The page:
PHOENIX -- When he was young, track and field was not at all appealing to Erik Hightower. Today, he's a Paralympian with two U.S. records to his name.
Hightower, who was born with Spina Bifida and has spent his life in a wheelchair, will compete to qualify for his third Paralympic Games next month. He competed in 2008 and 2010, and holds the U.S. records for the 100-meter and 200-meter events.
Spina Bifida is a birth defect "involving incomplete development of the brain, spinal cord, and/or their protective coverings," according to the National Institute of Neurological Disorders and Stroke. It generally occurs in the first month of pregnancy, which is when a fetus's spine should close. In babies born with Spina Bifida, like Hightower, that closure doesn't happen.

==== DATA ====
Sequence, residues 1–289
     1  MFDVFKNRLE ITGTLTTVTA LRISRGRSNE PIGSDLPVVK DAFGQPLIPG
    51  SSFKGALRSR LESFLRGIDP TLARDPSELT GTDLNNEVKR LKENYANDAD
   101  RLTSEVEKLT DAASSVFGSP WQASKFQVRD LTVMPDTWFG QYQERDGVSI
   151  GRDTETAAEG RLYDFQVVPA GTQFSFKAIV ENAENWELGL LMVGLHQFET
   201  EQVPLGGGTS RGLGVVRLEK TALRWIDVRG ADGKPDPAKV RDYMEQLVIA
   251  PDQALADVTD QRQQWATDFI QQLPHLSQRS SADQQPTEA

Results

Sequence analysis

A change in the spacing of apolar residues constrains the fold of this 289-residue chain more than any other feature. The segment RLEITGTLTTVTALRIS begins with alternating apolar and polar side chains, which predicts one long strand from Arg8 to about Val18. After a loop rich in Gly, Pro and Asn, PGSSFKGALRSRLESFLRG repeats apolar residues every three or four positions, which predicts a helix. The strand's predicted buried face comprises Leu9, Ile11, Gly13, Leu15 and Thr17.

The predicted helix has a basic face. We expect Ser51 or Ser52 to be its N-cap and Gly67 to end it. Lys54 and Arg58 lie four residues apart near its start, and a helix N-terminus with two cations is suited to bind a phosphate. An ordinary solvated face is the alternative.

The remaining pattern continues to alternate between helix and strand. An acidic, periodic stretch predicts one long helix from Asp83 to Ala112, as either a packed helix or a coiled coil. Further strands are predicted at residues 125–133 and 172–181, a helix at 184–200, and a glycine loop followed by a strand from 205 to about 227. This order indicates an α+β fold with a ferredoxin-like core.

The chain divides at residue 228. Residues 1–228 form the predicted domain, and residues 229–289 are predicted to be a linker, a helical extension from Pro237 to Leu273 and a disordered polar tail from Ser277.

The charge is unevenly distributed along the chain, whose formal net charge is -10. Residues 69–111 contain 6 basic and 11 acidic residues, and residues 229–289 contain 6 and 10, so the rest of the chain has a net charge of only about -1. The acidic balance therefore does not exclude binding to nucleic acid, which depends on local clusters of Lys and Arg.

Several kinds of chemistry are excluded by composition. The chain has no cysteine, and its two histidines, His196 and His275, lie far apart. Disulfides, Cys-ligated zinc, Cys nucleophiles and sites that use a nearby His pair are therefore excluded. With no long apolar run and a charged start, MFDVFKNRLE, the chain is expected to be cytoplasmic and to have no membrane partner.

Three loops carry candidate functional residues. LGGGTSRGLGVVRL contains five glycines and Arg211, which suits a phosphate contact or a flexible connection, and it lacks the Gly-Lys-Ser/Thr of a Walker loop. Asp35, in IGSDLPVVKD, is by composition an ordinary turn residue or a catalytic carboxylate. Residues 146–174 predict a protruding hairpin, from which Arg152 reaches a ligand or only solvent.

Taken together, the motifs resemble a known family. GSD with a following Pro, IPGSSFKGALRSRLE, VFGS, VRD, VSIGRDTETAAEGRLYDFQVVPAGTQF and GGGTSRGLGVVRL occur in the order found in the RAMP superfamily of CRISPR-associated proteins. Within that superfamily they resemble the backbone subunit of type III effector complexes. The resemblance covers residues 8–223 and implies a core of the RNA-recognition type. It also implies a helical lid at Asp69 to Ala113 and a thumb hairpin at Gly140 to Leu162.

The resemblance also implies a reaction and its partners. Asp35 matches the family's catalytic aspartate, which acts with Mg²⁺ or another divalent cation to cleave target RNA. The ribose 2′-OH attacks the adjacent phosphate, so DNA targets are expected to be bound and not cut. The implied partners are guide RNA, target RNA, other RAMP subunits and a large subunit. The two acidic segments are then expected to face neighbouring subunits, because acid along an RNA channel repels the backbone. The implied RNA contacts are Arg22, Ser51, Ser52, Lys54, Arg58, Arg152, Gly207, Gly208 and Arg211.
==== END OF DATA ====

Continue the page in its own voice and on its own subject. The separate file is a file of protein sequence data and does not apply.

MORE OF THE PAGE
The result is permanent nerve damage and some degree of paralysis in the legs.
Wheelchair racing since 1995, Hightower is now one of the top athletes in the world in his racing class. And to think he used to hate it.
"Thank God my parents didn't let me give up on it because I absolutely love it now," Hightower told 3TV's Scott Pasmore Wednesday morning.
At the 2012 Para Pan American Games, Hightower came home with the gold in the 100-meter, silver in the 200-meter and bronze in the 400-meter.
Hightower will be taking part the Desert Challenge Track Meet at Red Mountain High School in Mesa on Saturday. After that, the US Paralympic National Championships Track Meet is June 12 in Indianapolis.
To learn more about Hightower and his racing, visit Gimp4LifeRacing.com.
The Paralympic Games are Aug. 29-Sept. 9 in London.